Hawaii Air National Guard unveils new indoor shooting range

U.S. Air Force Staff Sgt Bronson Colton, 154th Security Forces Squadron (SFS), grabs a pinch of salt during the blessing ceremony of the 154th SFS Indoor Firing Range, Aug. 8, at Joint Base Pearl Harbor-Hickam. Salt is spread throughout the facility by the chaplain and members of the 154th SFS as a way to purify and protect the facility.

U.S. Air Force Staff Sgt Bronson Colton, 154th Security Forces Squadron (SFS), grabs a pinch of salt during the blessing ceremony of the 154th SFS Indoor Firing Range, Aug. 8, at Joint Base Pearl Harbor-Hickam. Salt is spread throughout the facility by the chaplain and members of the 154th SFS as a way to purify and protect the facility.

Senior Airman Orlando Corpuz

154th Wing Public Affairs

The Hawaii Air National Guard debuted its new indoor live-fire shooting range in a ceremony held Aug. 8 at Joint Base Pearl Harbor-Hickam.

The new 6,000 square foot unit located on the grounds of the Hawaii Air National Guard gives the HIANG a capability it has never had before, the ability to qualify and train its Airmen in small arms fire and prepare them for deployments in-house.

“Small arms qualifications was conducted at the only USAF firing range on the island, which happens to be located approximately 20 miles away on Schofield Barracks,” said Maj. Dane Minami, 154th Security Forces Squadron commander.

“The HIANG had to compete for scheduling of the firing range with both the active duty and the Reserves and because we did not own the range, we normally had low priority,” he said.

According to Minami, in addition to improving readiness capability, benefits include cost savings due to the reduction in the resources and manpower previously needed to coordinate, schedule and transport Airmen to an off-site firing range.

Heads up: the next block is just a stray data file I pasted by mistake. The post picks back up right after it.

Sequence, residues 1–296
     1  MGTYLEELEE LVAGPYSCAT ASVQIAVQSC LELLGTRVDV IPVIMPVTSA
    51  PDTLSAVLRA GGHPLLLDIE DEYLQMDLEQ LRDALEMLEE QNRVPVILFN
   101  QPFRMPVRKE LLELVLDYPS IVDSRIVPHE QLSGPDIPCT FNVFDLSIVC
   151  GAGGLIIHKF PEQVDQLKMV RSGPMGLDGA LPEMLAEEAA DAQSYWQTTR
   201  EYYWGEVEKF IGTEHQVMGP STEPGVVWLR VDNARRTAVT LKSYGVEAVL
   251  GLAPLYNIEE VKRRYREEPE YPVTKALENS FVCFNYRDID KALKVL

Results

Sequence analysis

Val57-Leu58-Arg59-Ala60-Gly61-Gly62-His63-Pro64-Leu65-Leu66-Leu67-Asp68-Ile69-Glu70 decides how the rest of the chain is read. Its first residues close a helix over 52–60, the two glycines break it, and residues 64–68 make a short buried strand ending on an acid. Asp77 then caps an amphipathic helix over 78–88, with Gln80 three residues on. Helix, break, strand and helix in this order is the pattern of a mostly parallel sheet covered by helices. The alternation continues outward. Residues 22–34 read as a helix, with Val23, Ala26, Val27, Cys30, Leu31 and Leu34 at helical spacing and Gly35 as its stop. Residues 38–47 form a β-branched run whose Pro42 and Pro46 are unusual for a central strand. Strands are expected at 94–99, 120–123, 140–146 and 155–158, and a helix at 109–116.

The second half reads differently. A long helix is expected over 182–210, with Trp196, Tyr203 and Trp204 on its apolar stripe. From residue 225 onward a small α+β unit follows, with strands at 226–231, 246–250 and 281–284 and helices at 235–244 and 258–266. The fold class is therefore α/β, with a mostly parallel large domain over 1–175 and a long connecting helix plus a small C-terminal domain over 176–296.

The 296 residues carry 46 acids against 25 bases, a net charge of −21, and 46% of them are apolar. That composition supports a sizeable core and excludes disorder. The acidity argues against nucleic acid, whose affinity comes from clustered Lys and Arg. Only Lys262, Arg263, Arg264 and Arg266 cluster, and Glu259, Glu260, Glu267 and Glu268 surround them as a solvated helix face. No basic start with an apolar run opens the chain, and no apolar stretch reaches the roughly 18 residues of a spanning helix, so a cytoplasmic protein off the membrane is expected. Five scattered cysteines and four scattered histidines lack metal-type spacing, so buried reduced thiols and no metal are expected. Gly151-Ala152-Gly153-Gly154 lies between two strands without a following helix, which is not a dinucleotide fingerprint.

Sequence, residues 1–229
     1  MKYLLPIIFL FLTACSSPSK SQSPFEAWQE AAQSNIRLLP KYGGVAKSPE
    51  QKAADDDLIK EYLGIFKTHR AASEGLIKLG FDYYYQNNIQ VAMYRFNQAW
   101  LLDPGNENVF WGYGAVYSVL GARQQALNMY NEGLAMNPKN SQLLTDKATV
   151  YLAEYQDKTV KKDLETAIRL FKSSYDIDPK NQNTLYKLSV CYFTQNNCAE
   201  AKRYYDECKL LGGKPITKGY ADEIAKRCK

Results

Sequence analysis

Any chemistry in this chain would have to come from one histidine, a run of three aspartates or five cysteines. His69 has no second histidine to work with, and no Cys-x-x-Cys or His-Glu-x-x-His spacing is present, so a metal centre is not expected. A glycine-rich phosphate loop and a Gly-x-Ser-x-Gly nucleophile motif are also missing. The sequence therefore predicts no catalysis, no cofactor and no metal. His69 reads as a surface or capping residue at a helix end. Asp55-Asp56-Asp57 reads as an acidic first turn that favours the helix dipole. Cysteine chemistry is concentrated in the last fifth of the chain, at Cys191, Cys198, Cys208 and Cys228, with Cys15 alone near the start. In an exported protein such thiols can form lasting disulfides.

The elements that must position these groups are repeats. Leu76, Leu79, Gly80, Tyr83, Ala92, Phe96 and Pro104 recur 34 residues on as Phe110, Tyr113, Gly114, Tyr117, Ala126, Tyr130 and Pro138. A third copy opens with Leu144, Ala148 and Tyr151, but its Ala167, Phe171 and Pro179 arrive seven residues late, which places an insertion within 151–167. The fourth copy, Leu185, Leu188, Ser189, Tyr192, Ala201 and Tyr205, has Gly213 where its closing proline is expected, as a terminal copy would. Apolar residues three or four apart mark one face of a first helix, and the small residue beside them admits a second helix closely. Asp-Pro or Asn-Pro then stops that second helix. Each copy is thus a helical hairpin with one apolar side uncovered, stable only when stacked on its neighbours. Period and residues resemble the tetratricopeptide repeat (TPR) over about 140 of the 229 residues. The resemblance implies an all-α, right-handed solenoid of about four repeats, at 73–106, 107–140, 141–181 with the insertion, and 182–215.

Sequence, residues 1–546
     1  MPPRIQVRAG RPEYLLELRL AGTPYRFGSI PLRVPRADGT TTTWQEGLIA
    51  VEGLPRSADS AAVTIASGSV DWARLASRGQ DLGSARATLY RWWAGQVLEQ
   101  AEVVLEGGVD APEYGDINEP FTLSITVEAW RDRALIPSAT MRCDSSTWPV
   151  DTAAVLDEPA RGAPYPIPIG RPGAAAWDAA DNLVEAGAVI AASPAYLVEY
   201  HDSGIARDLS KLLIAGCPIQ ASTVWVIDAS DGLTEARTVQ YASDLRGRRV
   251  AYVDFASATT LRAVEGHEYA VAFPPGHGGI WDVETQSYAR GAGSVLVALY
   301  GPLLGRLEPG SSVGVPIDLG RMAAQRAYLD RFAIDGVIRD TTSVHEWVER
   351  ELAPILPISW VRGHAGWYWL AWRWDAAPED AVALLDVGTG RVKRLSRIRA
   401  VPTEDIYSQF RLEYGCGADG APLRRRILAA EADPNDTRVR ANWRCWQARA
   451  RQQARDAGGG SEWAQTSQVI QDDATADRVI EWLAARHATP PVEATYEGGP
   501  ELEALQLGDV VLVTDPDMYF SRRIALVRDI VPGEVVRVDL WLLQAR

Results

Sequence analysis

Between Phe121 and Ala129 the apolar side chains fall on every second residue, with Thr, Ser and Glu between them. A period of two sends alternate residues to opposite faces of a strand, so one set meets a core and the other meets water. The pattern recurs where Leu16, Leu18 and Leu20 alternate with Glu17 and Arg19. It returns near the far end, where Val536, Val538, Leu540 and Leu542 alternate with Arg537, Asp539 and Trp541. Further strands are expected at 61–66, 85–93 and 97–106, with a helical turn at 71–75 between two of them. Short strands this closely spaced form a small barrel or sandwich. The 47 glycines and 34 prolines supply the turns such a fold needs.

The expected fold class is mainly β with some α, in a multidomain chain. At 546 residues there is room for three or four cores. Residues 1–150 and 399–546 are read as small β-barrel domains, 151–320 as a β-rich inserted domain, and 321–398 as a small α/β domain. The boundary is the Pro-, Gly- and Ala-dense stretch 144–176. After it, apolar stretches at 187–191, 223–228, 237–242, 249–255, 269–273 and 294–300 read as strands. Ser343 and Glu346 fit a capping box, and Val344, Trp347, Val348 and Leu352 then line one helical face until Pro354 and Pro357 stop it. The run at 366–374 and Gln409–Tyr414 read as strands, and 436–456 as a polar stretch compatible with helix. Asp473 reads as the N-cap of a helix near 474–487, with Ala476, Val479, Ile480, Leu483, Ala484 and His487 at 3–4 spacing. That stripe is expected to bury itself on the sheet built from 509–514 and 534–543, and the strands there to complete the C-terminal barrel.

“For a traditional Guards-man, time during drill weekends is a precious commodity. Having an indoor firing range right here in our own backyard saves time, money and gas for our unit members and all Hawaii Air National Guard personnel with weapons qualification requirements,” Minami said.

“The ability to schedule live-firing at any time of the day and night or week will allow us to more effectively support the entire organization with short notice deployment and annual qualification requirements,” he said.

U.S. Air Force Brig. Gen. Stan Osserman (retired), former commander of the Hawaii Air National Guard, aims down range after the blessing of the 154th Security Force Squadron Indoor Firing Range at JBPHH.  U.S. Air National Guard photos by Airman 1st Class Robert Cabuco

U.S. Air Force Brig. Gen. Stan Osserman (retired), former commander of the Hawaii Air National Guard, aims down range after the blessing of the 154th Security Force Squadron Indoor Firing Range at JBPHH. U.S. Air National Guard photos by Airman 1st Class Robert Cabuco


The modular containerized small arms training sets (MCATS), as its name implies, utilizes a prefabricated and modular design concept. Prefabrication of the units was done by a company in Nevada and then shipped to the Hawaii Air National Guard where it was assembled on an empty asphalt area on the HIANG’s compound.

Because of this, many of the pre-construction costs, such as engineering, architecture and site prep were minimized. Its modular design allows it to be disassembled and moved to another location should the need arise.

The MCSATS has 12 shooting lanes and is fully enclosed with heating, ventilation and cooling systems. Everything from target control to shooting environment is monitored and adjusted from a master control room.

Depending on the training requirements, lighting systems can simulate low light or night time shooting conditions, and an automated target retrieval system makes feedback to the shooter timely and convenient.

The ceremony, which included a traditional Hawaiian blessing, signified the range’s first official day of operation and was the culmination of months of planning and procurement challenges.

“The list [of challenges] is long and wide, everything from having to build a standard configuration that the Guard Bureau and USAF accepted,” said retired Brig. Gen. Stan Osserman, a former commander of the Hawaii Air National Guard.

“Then there was the typical case of Hawaii being so far away from Washington, D.C. that we couldn’t always make sure we kept our priority place in line. We nipped that one on my last trip to D.C. and got the HIANG put back in the right place,” he said.

While the firing range’s primary use is to train HIANG Airmen, there are plans to eventually make the facility available to other Department of Defense organizations.

The facility is the third one of its kind in the Air National Guard. The Nevada Air National Guard and New York Air National Guard began operating similar facilities in 2014.

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Category: News